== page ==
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Video games seized from teen’s home
Baker - Zachary bureau
Published: Jun 3, 2006
ST. FRANCISVILLE — Acting on a Florida lawyer’s suggestion that violent video games may have figured in Tuesday’s slaying of a West Feliciana Parish man, sheriff’s deputies searched the home of one teenage suspect again on Thursday.
West Feliciana Parish Sheriff’s Capt. Spence Dilworth said deputies seized several video games rated “M” for “Mature” from the residence of Kurt Edward Neher, 16, but the detective said he is not drawing any conclusions from his findings.
“I think it goes beyond video games, but who’s to say?” Dilworth said of the slaying of Michael Gore, 55, of 10077 La. 421, St. Francisville.
Dilworth said the question of whether video games can spark violence in juvenile players may be “more of a debate for the living room rather than the courtroom.”
Video games rated “M” by the Entertainment Software Rating Board have content that may be suitable for people 17 years of age and older. Such titles may contain intense violence, blood and gore, sexual content or strong language, according to the board’s Web site.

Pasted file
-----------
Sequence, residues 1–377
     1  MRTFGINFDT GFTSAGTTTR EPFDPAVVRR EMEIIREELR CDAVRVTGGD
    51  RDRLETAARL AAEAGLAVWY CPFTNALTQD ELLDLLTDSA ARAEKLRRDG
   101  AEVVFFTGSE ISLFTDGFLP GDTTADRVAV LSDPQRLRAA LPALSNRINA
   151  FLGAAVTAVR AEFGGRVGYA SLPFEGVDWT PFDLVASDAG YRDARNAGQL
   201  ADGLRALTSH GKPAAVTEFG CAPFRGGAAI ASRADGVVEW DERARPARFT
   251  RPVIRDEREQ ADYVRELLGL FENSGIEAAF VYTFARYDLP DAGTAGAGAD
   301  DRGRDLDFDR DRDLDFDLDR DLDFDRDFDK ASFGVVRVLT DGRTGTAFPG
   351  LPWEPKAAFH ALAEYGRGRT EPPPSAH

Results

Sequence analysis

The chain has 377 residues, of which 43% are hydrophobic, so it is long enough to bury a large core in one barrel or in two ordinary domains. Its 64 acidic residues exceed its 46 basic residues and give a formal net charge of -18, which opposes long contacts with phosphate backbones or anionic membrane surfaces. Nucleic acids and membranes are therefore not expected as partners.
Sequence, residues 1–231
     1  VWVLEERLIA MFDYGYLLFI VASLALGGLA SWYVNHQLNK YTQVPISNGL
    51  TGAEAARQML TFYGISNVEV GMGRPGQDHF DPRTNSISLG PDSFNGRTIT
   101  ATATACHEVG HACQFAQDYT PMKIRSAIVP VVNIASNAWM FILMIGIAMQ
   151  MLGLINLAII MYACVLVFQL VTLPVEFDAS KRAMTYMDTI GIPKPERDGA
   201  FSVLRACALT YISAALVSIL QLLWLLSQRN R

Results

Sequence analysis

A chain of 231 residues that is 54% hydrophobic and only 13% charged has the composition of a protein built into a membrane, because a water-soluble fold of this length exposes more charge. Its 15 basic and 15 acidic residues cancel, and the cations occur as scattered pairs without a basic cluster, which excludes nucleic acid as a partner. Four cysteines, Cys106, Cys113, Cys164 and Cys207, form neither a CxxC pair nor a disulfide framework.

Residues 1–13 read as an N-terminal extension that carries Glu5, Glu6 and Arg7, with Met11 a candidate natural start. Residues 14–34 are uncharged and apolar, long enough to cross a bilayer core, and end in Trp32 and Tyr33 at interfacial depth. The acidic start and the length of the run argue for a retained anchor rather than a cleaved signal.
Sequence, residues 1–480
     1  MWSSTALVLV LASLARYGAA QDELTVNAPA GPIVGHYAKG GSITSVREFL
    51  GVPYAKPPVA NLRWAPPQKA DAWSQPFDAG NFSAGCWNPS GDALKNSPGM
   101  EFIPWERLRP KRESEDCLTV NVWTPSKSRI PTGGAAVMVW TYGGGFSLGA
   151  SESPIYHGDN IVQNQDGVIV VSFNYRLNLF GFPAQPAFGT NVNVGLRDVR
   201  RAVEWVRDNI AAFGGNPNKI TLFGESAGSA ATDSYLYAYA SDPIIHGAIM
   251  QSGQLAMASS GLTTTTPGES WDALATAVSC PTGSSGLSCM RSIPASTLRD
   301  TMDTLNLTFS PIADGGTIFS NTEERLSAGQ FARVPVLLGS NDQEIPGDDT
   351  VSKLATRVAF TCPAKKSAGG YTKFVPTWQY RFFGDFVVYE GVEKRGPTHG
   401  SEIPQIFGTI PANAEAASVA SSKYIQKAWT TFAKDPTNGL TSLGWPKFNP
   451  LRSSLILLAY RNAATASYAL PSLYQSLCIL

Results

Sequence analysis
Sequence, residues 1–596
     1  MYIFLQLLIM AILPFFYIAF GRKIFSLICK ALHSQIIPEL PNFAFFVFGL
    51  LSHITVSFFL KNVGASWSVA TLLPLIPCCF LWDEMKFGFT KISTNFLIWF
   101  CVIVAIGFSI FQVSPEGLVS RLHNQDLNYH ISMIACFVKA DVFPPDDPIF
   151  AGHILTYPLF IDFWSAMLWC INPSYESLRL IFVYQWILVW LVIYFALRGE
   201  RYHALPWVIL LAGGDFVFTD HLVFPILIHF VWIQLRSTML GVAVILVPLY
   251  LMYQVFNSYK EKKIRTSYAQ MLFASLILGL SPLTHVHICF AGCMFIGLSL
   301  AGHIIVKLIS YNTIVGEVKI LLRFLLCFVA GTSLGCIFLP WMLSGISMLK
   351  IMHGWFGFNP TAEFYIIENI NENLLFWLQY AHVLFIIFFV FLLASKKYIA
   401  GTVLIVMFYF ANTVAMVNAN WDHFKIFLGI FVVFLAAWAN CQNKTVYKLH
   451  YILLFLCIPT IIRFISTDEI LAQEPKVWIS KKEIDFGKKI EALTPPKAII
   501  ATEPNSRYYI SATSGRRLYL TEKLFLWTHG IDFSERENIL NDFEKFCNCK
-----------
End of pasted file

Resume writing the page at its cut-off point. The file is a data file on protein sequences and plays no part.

Neher, whose mother has a mobile home parked on Gore’s property, and Hunter Everette, 17, of Denham Springs, were booked with first-degree murder and armed robbery on Wednesday.
A judge on Thursday found cause to transfer Neher’s case from Juvenile Court to District Court where he will be tried as an adult.
Jack Thompson of Coral Gables, Fla., said Friday he suggested that West Feliciana Parish sheriff’s detectives look at the violent video game angle as a possible motive because published reports of Gore’s injuries “raised a red flag” in his, Thompson’s, mind.
Thompson is active in efforts to ban obscenity and violence in various media and has filed lawsuits alleging connections between violent crimes and video games.
Thompson testified before the Louisiana Legislature last month on behalf of a bill by Rep. Roy Burrell, D-Shreveport, to ban the sale of violent games to buyers younger than 18.
House Bill 1381 won approval in the House, 102-0, and cleared a Senate committee on Tuesday. It now awaits action by the full Senate.
Thompson said published reports that Neher told detectives he and Everette killed Gore because Gore would not let them borrow his car follows “the same scenario in (the video) ‘Grand Theft Auto.’ ”